Partisan gerrymandering is widely frowned upon by the citizenry as well as the Supreme Court. Despite broad disdain for the practice, the Supreme Court has found it difficult to identify a workable standard by which we might regulate political gerrymandering. We have lacked sufficient tools to analyze and synthesize redistricting data, in part, because the requisite computation is massive. At the same time, the recent proliferation of significant computing power has led to the discovery of the extensive and often surprising reach of technology, information, and computation in many realms of life. Our capacities to compile, organize, analyze, and disseminate information have increased dramatically and facilitated the creation of many tools to connect citizens and automate human tasks. We present a computational model that brings these significantly advanced computing capacities to the redistricting process. Our model allows us to understand redistricting in fundamentally new ways and allows us to integrate technological advances with our articulated theories for redistricting and democratic rule while also empowering citizens with new abilities to understand and overturn partisan gerrymanders.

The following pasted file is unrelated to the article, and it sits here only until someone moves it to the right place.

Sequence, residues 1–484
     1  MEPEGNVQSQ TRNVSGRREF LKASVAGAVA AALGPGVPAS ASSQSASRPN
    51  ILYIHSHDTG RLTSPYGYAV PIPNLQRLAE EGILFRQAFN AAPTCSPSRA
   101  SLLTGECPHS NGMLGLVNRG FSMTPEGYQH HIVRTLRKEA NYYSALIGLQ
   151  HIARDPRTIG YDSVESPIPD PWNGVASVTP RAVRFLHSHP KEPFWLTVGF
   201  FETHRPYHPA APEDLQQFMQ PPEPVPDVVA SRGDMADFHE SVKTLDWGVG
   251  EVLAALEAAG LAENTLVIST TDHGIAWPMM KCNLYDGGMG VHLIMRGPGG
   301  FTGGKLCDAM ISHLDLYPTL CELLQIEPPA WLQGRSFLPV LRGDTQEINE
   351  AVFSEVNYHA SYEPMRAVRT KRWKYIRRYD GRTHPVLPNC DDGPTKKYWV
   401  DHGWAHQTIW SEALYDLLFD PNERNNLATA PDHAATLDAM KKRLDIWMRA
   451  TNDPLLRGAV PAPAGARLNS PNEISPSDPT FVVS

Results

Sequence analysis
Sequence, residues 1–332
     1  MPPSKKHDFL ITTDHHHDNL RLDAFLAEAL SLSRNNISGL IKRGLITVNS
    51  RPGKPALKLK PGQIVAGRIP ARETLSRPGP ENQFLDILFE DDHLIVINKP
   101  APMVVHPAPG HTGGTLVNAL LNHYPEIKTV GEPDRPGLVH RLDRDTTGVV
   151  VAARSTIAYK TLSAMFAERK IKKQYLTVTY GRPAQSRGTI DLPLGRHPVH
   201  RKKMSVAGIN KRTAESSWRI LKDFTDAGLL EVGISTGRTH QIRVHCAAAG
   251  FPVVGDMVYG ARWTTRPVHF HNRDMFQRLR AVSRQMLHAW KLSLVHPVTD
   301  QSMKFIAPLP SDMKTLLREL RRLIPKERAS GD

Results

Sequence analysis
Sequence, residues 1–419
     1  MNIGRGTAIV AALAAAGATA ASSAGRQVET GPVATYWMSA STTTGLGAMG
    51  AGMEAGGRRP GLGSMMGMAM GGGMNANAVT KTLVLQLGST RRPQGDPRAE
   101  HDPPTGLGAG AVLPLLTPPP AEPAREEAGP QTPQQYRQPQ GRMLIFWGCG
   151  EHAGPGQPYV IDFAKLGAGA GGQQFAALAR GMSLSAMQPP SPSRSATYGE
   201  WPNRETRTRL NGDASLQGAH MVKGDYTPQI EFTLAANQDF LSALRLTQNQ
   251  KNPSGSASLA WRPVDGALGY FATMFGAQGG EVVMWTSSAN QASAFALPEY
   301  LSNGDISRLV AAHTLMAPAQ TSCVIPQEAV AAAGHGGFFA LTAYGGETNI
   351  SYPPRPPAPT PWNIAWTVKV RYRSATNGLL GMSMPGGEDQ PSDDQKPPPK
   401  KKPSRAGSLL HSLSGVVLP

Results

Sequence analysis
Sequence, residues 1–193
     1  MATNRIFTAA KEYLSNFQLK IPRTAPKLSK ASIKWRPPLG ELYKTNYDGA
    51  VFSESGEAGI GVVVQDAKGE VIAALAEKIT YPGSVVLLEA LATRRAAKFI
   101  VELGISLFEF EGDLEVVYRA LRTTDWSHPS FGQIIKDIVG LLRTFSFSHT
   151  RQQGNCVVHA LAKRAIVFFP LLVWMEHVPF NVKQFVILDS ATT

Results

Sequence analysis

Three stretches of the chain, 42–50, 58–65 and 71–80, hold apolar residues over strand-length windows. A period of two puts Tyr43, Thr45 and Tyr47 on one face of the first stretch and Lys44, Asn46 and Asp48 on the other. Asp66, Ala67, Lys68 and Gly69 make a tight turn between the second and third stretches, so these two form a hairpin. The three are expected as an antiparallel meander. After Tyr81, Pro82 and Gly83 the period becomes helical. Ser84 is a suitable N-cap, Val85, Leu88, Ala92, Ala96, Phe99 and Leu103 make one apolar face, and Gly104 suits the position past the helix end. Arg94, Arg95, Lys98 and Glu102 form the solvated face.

- partisan gerrymandering
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